RCC nursing instructor Sue Naumes brings a wealth of real world nursing experience to her role in training students for careers in healthcare.
“I love being a part of students attaining their dreams,” said Naumes, who joined RCC’s faculty 18 years ago. “Our graduates will impact and change the lives of their patients and families and it is extremely fulfilling to have contributed to that process.”
Naumes, who earned a bachelor’s in nursing at Washington State University and master’s in nursing education at Clarkson College, began her career as an Intensive Care Unit nurse at Rogue Valley Medical Center. A year later she became the director of the hospital’s Cardiovascular Surgery Unit. She’s also worked in quality assurance for an insurance company and other nursing roles.
Second-year nursing student Aaron Claussen particularly appreciates how Sue Naumes, who is his advisor and instructor, is exacting yet supportive.
“She’ll walk you through it and observe, giving you the benefit of her experience. She makes sure you know what you’re doing.” Naumes has also helped Claussen design strategies for staying healthy and positive in a stressful profession.
“Helping a student develop into a poised, competent RN in just two short years is quite the transformation, and it is so fun to watch,” said Naumes. “I love helping these bright minds reach their full potential.”
Nursing student finding his niche at RCC
For Aaron Claussen the opportunity to interact with patients is the best part of nursing. “It’s really gratifying to go into a patient’s room and having them smile and be glad I’m there to help with their medical needs,” said Claussen, a second-year nursing student at Rogue Community College.
He’s becoming increasingly skillful and at ease in the hospital setting. “RCC instructors start you out slow and phase you into other duties. As training goes on, you became more comfortable and it becomes a fluid thing.”
Claussen, whose family moved to Cave Junction from California’s Simi Valley seven years ago, earned a bachelor’s degree in English at Southern Oregon University. The economic downturn, however, made finding work difficult. A friend who’d just graduated from nursing school and been hired right away recommended the profession. “I thought, ‘I could do that!’” Claussen said. “I like interacting with people and the teamwork aspect.”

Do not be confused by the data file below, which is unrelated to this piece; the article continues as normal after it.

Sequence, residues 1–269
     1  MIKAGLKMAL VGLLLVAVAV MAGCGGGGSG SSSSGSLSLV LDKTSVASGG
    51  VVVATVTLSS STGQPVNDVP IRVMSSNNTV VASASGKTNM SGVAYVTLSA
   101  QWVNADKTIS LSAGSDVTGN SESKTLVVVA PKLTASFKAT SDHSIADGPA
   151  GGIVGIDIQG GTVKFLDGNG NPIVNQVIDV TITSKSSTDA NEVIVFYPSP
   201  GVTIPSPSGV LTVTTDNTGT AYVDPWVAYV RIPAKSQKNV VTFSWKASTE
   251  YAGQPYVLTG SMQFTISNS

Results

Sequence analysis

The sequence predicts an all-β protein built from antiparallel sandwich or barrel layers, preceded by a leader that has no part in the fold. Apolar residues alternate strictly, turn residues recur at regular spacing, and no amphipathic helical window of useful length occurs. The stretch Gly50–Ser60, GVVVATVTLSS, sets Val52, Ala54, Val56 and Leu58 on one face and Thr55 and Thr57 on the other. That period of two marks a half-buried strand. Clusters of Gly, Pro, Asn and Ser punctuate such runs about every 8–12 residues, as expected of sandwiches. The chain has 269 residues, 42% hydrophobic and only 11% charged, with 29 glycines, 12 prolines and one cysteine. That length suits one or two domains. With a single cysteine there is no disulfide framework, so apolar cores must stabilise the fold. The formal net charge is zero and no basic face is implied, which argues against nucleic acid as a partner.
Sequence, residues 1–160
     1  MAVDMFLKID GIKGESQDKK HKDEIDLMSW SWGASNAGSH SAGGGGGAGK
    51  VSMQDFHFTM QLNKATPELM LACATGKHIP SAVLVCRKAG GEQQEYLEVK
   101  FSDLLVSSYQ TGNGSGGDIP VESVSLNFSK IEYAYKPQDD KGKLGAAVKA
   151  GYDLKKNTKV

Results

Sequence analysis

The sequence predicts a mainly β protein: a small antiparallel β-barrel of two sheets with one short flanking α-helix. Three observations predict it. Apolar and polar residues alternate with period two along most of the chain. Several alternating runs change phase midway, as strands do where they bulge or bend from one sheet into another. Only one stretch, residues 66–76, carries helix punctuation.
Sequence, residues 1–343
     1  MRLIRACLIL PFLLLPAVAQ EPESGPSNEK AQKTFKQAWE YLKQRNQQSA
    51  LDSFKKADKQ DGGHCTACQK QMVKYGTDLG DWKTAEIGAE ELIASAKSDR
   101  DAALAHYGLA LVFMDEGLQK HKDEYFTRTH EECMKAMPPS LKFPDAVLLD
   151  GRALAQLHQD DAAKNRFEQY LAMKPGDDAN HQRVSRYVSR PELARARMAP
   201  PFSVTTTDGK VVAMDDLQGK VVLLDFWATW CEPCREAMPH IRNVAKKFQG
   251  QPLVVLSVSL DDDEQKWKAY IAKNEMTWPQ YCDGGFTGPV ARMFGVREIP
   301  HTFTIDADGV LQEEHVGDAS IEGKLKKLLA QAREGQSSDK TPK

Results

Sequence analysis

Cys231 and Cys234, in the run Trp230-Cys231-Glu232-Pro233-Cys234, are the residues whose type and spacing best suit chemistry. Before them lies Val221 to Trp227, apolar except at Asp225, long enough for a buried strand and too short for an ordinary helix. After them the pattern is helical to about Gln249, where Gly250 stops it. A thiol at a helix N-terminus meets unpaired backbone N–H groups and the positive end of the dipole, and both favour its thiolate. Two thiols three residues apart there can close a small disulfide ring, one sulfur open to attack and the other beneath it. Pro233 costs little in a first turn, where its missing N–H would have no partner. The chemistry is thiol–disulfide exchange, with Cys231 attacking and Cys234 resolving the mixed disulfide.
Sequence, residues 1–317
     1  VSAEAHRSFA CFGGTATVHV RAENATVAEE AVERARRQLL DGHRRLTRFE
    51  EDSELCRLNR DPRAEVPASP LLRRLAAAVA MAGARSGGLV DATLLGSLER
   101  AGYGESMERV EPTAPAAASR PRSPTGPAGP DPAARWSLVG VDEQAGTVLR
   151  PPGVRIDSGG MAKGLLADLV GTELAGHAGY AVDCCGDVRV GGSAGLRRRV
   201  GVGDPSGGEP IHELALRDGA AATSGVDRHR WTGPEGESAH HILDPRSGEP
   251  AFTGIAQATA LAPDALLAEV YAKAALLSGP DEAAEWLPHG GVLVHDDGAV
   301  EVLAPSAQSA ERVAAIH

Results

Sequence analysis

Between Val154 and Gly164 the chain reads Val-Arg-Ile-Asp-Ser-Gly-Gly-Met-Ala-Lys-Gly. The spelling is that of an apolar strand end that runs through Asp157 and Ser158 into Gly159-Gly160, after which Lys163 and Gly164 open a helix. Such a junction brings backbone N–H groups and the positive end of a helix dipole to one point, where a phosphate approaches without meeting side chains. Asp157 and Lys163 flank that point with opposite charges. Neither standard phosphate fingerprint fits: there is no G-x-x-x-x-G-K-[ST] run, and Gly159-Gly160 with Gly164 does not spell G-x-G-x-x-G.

Claussen enrolled at Rogue to complete nursing prerequisites such as microbiology and anatomy and physiology. After a year he successfully applied for RCC’s highly competitive nursing program. “I like the teachers and the education I’ve gotten at RCC. Classes are tough and stringent because they want you to know your stuff,” he noted. “It’s been good preparation for nursing to have a basic knowledge of how the body works. And communication skills I’ve learned help build rapport with patients.”
The first year was difficult, blending classes, homework, hospital shifts, and a commute to Rogue Valley Medical Center that required getting up at 4 a.m. “They tell you if you have a job, quit,” he recalled.
The nursing instructors’ diverse backgrounds and real-world experience helped. “They exude confidence,” Claussen said. “They give you more than just information from a book. There are anecdotes taken from real life that help you remember cases,” he added. “RCC teaches you how to be a nurse and have the skills you need, so when you go into a hospital you know exactly what to do.”
Claussen particularly appreciates how Sue Naumes, his advisor, instructor and mentor, is exacting yet supportive. Nursing students are required to compile a portfolio that includes a journal with personal health observations. In discussing ways to enhance physical and mental well being in a stressful profession, they’ve built a positive bond, Claussen said. “She’ll walk you through it and observe, giving you the benefit of her experience. She makes sure you know what you’re doing.”
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